On 8 January 1946, in Radom, the 2nd Judge for the District Court in Radom, based in Radom, Judge Kazimierz Borys, heard the person named below as a witness. After being informed of the criminal liability for giving false testimony, the witness testified as follows:
|Name and surname||Adam Lipiński|
|Parents’ names||Adam and Stanisława|
|Place of residence||Firlej, Wielogóra county|
|Religious affiliation||Roman Catholic|
|Relationship to the parties||none|
The first execution that I observed took place in Firlej on 4 April 1940. On this day, a dozen or so cars, both trucks and passenger cars, and several motorcycles came from Radom and turned in the direction of the Firlej sands. The trucks were covered, but through the windows you could see the faces of those being transported. Then I saw people being escorted from the cars and led over towards pre-prepared pits, and then the Gestapo shot the prisoners with automatic weapons or machine guns, because a volley of shots rang out. The people fell down straight away. On this first day of execution, about 100-150 people might have died. As I pointed out, this was the first execution I noticed. Whether or not there were any shootings in Firlej before then, I don’t know. The Germans buried the dead themselves.
Since then, executions happened repeatedly throughout the period of the German occupation. On average, almost every other day, as many people were brought to Firlej as could fit in one truck—that is, about 12 people.
I was an eyewitness to a series of executions. I saw the Germans telling people who had been led out of the car to dig pits, after which the diggers were shot and buried in these pits immediately after this operation. Even before burying those murdered, the Gestapo officers took individual prisoners out of the cars, forced them down and killed them with their pistols. The condemned were shot in the back in the head.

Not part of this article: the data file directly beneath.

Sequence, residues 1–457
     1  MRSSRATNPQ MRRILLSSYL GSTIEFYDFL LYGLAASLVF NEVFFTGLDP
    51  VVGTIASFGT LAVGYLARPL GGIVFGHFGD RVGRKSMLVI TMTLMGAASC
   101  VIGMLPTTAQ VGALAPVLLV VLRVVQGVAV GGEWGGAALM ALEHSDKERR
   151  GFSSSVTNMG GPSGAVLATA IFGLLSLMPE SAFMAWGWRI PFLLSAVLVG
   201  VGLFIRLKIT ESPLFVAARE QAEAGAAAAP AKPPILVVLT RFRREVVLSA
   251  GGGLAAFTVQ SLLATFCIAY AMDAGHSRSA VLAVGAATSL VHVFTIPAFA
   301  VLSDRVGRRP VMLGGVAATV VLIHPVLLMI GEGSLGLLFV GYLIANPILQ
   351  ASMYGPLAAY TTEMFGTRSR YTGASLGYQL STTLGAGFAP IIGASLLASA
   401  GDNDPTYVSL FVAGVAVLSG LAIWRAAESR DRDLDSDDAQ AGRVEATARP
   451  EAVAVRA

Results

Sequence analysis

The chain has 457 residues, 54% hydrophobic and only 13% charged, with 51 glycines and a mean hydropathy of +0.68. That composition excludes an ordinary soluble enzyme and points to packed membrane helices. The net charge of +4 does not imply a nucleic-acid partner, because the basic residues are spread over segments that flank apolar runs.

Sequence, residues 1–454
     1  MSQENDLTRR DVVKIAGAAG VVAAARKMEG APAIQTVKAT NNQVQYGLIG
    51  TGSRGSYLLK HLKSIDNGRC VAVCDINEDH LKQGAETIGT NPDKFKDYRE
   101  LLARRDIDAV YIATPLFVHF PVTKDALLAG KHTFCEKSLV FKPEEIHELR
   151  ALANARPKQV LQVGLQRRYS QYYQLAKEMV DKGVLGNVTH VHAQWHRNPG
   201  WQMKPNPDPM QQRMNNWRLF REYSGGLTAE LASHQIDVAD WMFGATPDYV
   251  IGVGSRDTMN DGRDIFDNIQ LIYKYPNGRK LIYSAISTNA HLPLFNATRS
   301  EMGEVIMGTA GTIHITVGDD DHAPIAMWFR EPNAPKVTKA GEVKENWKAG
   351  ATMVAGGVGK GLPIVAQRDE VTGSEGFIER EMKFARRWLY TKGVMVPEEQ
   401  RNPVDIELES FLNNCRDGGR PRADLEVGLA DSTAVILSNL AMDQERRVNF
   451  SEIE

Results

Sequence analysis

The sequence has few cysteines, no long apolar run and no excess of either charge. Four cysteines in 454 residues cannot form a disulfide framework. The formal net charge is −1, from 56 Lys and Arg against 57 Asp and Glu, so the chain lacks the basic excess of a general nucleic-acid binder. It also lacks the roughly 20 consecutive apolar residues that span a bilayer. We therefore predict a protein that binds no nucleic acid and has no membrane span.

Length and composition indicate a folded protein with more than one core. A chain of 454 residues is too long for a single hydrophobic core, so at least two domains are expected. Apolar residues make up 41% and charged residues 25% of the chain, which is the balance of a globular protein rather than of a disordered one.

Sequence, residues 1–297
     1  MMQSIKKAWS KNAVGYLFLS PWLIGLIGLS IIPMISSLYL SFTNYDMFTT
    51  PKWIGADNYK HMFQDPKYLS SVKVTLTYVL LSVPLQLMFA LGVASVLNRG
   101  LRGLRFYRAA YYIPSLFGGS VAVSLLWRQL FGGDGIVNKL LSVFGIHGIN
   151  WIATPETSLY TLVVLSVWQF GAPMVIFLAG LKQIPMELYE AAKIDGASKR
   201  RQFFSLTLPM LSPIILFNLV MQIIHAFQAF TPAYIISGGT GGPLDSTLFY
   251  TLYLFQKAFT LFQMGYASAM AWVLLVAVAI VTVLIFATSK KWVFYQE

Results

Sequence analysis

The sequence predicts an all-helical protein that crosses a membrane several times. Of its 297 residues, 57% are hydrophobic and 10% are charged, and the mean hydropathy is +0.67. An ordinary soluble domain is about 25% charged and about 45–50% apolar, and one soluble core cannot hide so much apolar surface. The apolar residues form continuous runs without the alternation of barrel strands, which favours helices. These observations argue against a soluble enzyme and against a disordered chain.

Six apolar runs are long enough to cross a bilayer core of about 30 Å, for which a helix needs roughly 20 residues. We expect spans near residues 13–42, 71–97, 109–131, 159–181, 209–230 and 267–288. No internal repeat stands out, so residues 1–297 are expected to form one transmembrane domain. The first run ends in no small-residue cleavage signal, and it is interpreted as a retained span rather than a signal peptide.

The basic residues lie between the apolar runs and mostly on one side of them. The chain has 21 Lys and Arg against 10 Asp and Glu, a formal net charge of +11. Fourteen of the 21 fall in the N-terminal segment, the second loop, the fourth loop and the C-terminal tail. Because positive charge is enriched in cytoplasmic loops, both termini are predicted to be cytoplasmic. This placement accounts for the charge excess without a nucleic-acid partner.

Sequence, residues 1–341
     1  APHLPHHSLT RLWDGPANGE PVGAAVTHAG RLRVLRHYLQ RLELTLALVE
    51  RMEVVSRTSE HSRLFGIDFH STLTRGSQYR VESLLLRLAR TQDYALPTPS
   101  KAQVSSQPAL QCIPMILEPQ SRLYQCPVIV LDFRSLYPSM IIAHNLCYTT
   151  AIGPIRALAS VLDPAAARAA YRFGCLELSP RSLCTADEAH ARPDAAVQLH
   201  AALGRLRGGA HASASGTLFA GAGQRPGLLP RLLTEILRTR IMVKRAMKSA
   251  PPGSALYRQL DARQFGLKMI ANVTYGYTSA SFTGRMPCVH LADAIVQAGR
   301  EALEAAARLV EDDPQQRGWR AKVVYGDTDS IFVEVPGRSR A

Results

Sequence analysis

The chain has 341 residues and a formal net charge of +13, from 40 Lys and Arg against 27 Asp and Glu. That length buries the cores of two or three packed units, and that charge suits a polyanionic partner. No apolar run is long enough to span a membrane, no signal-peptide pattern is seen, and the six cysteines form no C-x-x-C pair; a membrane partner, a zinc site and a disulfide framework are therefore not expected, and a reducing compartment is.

In the summer of 1944, the Germans ordered me to bury the corpses of some larger group of condemned. All those that were shot whom I buried had taken a bullet in the back of the head. 40 people were killed then. Some of those murdered were only wearing their underwear. The victims included both young people and old, people from the city and from the village, as could be distinguished by their attire. We were told to bury those who had been shot in graves scattered across the sands, each of which accommodated several victims. The murdered were also buried in mass graves, numbering about 10-12 people each. In such graves, the Germans buried the condemned themselves. When a larger execution was to take place, the Germans would prepare the pits beforehand.
Among those shot, I saw a small boy, about 10 years old. The child was following two Gestapo men who occasionally glanced at him and told him to hurry up. Then they ordered him to pick a flower from an acacia tree. The moment the child reached for the flowers, one of the Gestapo men shot the boy twice and killed him. The boy was wearing a coat, which was removed from him after his death and taken to the car. The Gestapo men buried the murdered [boy], and then they admired the acacia flower and set it on the grave. There were no other shootings that day, at least at that time of the day. I observed the execution described above from a distance of about 250 m. Nearer the place of this execution lives a certain Pytas, a worker at the Rottenberg factory in Radom.
In October 1943, the residents of Firlej and Wincentow, who lived near the sands, were deported. The Gestapo took over a school in Firlej. They brought some mats which they used to screen places on the sands from where corpses were then exhumed, as well as places where these bodies were then burned. Later, smoke and fire could be seen from far away, especially at night, and the scent of burning and decomposed human flesh hung in the air.
This incineration lasted until the spring of 1944. During this period, the executions continued.
About three weeks after the incineration of corpses had finished, when there was a noticeable break in the shooting, the executions resumed. They reached an observable peak in July 1944, when the Germans began to escape after the collapse of the Eastern Front. At that time, executions were carried out en masse. A couple of cars per day brought in the condemned.
The last execution took place two days before the arrival of the Red Army. A few people were shot at that time.
The first mass execution included some inhabitants of the Chlewiska commune (I don’t know the names of the villages), where there was a clash between the Germans and Polish partisans. Throughout the occupation, over 10,000 people were shot on the sands, as can be deduced from the number of vehicles—trucks and automobiles—which went to Firlej at that time.
In addition to mass executions, single executions also took place.
The report was read out.